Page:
Once a potential project's IRR is in hand, the question becomes, is it high enough to justify the investment? The answer, unsurprisingly, is that it depends on the organization's discount rate: If the IRR is greater than the discount rate, the investment is financially worthwhile. If no formal discount rate has been established, try comparing the IRR for the project in question to the IRRs for other projects that the organization has recently funded. Or if project-specific financing will be used, compare the IRR to the interest rate on the financing.
When used as the threshold for an acceptable IRR, the discount rate is often called the hurdle rate. As with NPV, it may be appropriate to apply a hurdle rate greater than the cost of capital to prospective investments that are especially risky—or one below the cost of capital to investments of low risk. Energy-efficiency projects that rely on proven technologies are often in the latter category. As with the selection of a discount rate, it is important to consult with financial experts within the organization in order to determine an appropriate hurdle rate.
Which financial analysis tool should you use to evaluate energy-saving building upgrades: payback period, net present value, or internal rate of return? The short answer is to use whichever tool your organization normally applies to evaluate investments. For instance, if all investment decisions in your organization are evaluated using payback period, then you should at least include the payback period in any proposal to fund a building upgrade.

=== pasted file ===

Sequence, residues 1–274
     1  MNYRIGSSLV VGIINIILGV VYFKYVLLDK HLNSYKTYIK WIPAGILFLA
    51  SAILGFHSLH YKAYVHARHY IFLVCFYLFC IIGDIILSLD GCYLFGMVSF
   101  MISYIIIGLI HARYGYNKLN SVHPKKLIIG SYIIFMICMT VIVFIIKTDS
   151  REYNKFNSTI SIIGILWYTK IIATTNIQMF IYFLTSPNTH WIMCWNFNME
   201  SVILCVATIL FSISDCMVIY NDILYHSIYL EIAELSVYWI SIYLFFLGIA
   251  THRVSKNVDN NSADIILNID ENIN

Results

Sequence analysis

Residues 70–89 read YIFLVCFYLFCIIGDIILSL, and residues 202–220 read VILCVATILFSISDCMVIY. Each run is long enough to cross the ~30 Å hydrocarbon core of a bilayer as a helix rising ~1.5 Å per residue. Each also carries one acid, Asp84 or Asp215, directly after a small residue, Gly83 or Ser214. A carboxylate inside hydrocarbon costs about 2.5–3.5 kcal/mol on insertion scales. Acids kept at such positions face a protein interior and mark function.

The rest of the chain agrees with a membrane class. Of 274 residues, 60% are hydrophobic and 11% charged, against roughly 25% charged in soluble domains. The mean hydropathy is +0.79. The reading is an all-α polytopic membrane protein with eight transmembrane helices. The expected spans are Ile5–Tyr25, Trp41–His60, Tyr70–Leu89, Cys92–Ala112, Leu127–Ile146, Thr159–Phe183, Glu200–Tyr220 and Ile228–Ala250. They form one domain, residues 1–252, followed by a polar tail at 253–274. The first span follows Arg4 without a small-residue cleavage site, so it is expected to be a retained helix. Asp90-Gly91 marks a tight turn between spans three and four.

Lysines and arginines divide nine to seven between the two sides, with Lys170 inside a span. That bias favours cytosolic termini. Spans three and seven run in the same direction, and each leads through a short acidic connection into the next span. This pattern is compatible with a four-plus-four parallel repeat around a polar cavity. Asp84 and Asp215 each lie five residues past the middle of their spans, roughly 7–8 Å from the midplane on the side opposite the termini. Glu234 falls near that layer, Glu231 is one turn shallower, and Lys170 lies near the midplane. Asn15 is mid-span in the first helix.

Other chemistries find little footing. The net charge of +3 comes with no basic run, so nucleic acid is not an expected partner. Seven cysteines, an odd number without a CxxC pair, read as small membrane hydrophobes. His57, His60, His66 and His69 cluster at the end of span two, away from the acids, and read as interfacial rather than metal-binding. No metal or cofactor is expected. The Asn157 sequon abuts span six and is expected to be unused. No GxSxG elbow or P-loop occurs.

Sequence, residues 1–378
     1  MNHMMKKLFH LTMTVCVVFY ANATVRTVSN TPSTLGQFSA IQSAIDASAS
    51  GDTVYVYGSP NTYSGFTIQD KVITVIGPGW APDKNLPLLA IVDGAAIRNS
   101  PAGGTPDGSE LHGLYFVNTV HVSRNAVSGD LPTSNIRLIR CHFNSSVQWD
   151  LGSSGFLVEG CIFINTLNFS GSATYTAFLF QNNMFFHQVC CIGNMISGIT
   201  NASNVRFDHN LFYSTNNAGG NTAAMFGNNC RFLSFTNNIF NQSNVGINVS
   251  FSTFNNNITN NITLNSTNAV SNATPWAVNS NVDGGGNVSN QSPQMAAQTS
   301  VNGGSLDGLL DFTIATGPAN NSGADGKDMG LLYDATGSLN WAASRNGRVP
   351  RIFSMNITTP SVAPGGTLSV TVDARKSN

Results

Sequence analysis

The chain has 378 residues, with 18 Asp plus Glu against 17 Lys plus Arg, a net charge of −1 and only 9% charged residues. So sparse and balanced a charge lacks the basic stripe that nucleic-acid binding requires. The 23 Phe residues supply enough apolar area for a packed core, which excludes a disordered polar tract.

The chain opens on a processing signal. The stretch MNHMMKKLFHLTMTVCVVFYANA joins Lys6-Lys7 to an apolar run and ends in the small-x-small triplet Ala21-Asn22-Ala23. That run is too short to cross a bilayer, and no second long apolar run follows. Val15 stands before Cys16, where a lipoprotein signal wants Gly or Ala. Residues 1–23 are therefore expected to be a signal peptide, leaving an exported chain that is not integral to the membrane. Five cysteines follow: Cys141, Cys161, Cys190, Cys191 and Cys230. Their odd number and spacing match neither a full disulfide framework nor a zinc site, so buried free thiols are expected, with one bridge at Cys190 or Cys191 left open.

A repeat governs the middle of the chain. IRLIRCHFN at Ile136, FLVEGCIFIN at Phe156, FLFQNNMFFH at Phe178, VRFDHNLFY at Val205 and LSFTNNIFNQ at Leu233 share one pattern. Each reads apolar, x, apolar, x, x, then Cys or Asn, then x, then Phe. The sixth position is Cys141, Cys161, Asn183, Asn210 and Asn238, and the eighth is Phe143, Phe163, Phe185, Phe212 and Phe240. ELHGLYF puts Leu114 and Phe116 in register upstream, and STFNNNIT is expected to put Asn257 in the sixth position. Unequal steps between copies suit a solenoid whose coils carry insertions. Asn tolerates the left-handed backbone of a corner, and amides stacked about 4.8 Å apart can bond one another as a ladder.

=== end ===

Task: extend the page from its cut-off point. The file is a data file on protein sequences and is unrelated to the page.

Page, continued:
Be aware, however, that relying solely on payback may result in forgoing building upgrades that will more than pay for themselves if given enough time. It is not uncommon for organizations to have informal rules that restrict discretionary investments to projects with two-year or better payback. That means a building upgrade costing $7,500 and yielding $2,500 in savings for 10 years would be rejected—even though the cash-flow stream provides an impressive 31.1 percent IRR.
If there is leeway to choose the evaluation tool or to present more than one result, either NPV or IRR is a better choice than payback period. Both measures are rooted in time value of money concepts and account for the benefit stream over the entire useful life of an investment. There are some circumstances, however, in which IRR analysis might yield misleading or confusing results. One such situation involves choosing between mutually exclusive investments—that is, when faced with an either/or decision. The option with the higher IRR is not necessarily the better choice, because the other option might provide greater total worth.
Table 3.3 illustrates this situation. Suppose an organization is considering two ways to turn off unneeded lights. Option A, using occupancy sensors, costs $42,000 and will save $12,200 annually in energy. Option B, using a central time clock, costs less up front ($9,000) but also saves less ($3,550 annually). Considering only the IRRs, option B looks better: It provides a 37.9 percent return, well above the 26.2 percent return from option A. The NPVs, however, show that option A is worth over twice as much in present value terms as option B.
Faced with a choice between two upgrades, use net present value (NPV) rather than internal rate of return (IRR) to guide the decision, because NPV measures the total value of the investment to the organization.
|Option A: occupancy sensors||Option B: central time clock|
|Year||Initial investment ($)||Energy savings ($)||Initial investment ($)||Energy savings ($)|
|NPV (10% discount rate)||80,000||26,500|
|Courtesy: E Source|
Another issue with IRR is that some cash-flow streams may have indeterminate IRRs, or even two or more IRRs. These anomalous results can occur when one or more negative cash flows occur following some years of positive cash flows. Because of these and other issues with IRR, NPV is generally considered the superior analysis tool. Although the circumstances in which IRR might yield misleading results are fairly uncommon, NPV will always point to the financially correct decision.